Leg Ulcer in Patient with Sickle Cell Disease on Hydroxyurea
Sickle cell disease is a chronic disease caused by mutation of the HBB gene,
leading to the replacement of β-globin with abnormal hemoglobin S in hemoglobin subunits.
Sickled blood cells have a short lifespan and complications include blocked
blood vessels, acute chest disorder, infection, organ damage and stroke.
Hydroxyurea therapy was approved by the Food and Drug
Administration in 1998 and decreases the number of pain
crises in sickle cell patients.
It increases the level of fetal hemoglobin in sickle cell patients,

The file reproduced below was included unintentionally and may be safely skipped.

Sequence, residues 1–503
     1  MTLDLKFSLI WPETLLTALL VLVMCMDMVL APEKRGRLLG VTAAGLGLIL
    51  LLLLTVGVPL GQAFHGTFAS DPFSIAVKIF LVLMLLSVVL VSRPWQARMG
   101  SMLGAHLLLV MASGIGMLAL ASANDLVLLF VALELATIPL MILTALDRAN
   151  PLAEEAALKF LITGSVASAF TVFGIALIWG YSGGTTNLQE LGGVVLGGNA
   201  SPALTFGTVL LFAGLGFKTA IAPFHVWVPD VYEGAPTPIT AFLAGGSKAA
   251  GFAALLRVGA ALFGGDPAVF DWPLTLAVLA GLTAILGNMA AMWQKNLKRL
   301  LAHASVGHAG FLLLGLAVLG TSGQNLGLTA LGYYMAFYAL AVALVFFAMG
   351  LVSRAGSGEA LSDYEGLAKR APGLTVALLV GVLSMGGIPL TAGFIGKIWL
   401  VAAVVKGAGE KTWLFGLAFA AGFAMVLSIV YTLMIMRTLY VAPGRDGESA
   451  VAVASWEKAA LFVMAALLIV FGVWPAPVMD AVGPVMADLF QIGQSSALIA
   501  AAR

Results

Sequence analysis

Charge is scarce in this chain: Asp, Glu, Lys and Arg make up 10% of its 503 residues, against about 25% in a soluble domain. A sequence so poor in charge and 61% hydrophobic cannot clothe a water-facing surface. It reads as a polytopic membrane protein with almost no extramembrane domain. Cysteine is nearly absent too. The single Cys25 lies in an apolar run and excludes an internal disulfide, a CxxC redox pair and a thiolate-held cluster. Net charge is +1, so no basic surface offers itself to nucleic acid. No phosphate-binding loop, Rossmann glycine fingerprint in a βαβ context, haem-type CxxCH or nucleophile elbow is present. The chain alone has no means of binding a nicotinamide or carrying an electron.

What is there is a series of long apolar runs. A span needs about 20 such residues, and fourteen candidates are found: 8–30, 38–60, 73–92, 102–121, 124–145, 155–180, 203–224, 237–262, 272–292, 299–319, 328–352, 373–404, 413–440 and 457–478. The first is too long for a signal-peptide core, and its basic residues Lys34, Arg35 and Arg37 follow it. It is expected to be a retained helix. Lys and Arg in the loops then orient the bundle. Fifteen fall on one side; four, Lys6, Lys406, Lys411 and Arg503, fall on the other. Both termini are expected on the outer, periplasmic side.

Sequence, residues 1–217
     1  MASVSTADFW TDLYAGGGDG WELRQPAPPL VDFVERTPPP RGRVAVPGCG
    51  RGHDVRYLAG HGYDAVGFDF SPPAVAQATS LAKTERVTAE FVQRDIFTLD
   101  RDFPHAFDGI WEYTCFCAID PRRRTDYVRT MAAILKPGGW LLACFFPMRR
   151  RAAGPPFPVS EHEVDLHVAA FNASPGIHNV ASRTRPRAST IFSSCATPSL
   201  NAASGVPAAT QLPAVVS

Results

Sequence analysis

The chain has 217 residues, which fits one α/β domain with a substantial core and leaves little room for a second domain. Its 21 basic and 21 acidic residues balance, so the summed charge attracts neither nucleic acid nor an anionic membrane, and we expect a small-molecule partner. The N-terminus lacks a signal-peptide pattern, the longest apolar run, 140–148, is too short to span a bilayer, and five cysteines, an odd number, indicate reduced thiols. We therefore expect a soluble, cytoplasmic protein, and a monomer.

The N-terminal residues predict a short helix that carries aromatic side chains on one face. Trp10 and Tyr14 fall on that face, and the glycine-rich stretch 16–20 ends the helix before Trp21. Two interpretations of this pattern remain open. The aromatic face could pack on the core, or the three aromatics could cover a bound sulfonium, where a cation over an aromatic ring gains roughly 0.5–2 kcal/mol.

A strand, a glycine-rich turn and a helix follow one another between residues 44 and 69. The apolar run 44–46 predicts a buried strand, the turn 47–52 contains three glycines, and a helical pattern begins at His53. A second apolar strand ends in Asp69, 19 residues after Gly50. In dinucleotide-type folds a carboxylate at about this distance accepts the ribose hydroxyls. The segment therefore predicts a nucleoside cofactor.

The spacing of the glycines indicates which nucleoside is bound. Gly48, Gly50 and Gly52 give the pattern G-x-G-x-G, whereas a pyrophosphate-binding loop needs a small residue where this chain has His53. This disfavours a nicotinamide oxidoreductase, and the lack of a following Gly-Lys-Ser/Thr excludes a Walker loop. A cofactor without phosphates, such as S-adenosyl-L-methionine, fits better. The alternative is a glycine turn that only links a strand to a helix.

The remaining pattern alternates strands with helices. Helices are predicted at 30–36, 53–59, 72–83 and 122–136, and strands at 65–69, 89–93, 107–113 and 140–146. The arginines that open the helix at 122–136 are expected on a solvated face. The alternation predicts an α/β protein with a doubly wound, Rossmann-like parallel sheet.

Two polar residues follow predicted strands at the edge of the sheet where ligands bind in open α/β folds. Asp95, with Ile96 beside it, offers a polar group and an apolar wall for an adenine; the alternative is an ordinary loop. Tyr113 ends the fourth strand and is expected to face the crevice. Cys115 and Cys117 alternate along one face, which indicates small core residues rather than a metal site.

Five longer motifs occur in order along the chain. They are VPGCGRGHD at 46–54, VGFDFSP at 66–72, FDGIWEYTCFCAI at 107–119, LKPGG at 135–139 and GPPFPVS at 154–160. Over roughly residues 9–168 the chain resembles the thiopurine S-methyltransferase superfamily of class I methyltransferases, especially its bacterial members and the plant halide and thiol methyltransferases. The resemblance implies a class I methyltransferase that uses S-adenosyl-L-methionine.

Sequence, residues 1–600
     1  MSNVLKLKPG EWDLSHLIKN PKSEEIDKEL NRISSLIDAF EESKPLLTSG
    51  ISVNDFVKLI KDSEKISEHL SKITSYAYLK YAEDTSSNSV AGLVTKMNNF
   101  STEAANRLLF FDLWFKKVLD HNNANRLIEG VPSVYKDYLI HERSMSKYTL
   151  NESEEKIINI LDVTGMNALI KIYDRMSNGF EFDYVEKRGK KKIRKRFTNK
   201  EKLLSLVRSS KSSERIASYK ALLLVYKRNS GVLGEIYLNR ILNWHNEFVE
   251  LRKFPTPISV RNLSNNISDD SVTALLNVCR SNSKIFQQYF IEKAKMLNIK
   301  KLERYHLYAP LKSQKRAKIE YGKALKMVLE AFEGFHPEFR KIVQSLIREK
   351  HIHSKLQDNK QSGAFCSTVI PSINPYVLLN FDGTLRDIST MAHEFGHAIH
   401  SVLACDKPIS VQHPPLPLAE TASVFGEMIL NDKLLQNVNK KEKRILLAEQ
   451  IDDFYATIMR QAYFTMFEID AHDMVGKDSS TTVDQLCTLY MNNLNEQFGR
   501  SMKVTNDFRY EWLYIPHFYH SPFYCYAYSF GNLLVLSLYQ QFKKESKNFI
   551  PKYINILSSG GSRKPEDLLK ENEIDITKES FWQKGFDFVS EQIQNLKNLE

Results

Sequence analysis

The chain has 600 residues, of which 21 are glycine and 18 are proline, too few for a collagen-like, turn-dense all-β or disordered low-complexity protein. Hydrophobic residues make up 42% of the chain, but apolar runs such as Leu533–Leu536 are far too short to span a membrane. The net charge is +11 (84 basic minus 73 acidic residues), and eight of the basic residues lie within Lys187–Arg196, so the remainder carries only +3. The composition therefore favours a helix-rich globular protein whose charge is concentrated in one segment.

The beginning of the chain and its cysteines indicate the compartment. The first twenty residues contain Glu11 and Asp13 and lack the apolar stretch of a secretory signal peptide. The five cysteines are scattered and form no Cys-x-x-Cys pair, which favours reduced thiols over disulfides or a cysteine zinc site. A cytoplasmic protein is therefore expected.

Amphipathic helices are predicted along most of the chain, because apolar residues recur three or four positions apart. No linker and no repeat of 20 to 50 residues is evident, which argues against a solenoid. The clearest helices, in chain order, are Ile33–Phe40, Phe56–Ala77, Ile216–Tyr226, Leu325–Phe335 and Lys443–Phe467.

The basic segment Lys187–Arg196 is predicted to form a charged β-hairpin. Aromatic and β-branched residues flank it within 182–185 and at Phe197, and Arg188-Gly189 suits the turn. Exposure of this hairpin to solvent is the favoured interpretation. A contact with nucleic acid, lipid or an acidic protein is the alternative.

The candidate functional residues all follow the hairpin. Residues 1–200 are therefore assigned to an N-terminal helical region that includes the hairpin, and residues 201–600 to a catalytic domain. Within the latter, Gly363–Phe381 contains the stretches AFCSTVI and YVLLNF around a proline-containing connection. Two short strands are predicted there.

lessening hemoglobin S polymerization.
There have been numerous dermatological side effects
noted, including skin atrophy, palmoplantar keratoderma,
alopecia, and cutaneous and mucosal ulcers.
We describe a case of a leg ulcer in a patient with sickle
cell disease on hydroxyurea. Painful hydroxyurea induced leg ulcers
have been reported in patients with myeloproliferative disorders.
Physical examination showed stable vitals. Focused exam on the
left ankle showed a unilateral ulcer on the patient’s left malleolus.
There were 2 smaller ulcers adjacent to the primary ulcer in various phases of healing.
There was no evidence of right or left lower
extremity deep venous thrombosis. The right greater saphenous
vein was patent and small. The left greater saphenous vein was
also patent and small and was only identifiable in the thigh and
Intern Med Open J. 2020; 4(1): 13-15. doi: 10.17140/IMOJ-4-114